Before Shinkula Pass, it was only possible to drive into Zanskar from Kargil, do until about halfway to Keylong, and return to Kargil following the same route.

But in 2019, the Indian Border Road Organisation opened a new circuit for better connectivity to the Zanskar region in an effort to find a shorter way between Keylong and Kargil for the Indian Army. And as a consequence (they better take it as a consequence) they have got the Indian biking community and travellers to deal with.

shinkula pass zanskar

zanskar ladakh route

At 16,580 feet above sea level, Shinkula Pass connects the Zanskar region to Keylong. It is only via Shinkula Pass that one can now drive/ride all the way from Keylong to Kargil (or vice-versa) and do a one-way trip into the Zanskar region.

Getting confused? Let’s actually start with a map and get our bearings right!

shinkula pass zanskar itinerary

If you look at the entire circuit on a map, you will see it makes a loop. If you are coming from Manali, the loop starts from Keylong, goes into Zanskar, and opens in Kargil, before it goes to Leh, and returns to Kargil. The road runs very parallel to Keylong-Leh, giving almost similar landscapes (just far more oblivious).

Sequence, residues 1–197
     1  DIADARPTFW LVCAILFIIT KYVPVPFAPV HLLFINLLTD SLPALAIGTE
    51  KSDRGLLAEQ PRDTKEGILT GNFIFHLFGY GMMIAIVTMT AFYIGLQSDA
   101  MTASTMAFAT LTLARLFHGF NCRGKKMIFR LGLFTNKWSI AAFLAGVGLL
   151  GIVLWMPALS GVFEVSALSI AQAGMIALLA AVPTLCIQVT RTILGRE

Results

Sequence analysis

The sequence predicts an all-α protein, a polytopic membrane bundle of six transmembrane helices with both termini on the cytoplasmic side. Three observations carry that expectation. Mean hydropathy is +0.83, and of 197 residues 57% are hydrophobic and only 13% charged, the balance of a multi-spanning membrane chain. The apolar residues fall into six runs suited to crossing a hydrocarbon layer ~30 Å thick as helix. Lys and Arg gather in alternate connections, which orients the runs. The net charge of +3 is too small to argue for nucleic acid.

Also read: Tips for a motorcycle trip in the Himalayas 

Shinkula Pass: An Introduction to Zanskar

If I think of an adventure road trip in the Indian Himalayas, there are a few routes that first come to my mind. And this includes Spiti Valley, a trip from Leh to Nubra Valley, and Bhairagah to Killar via Sach Pass trip, among others. I think of these names not because of the bad roads or the river crossings they offer, but because of the desertedness of these places.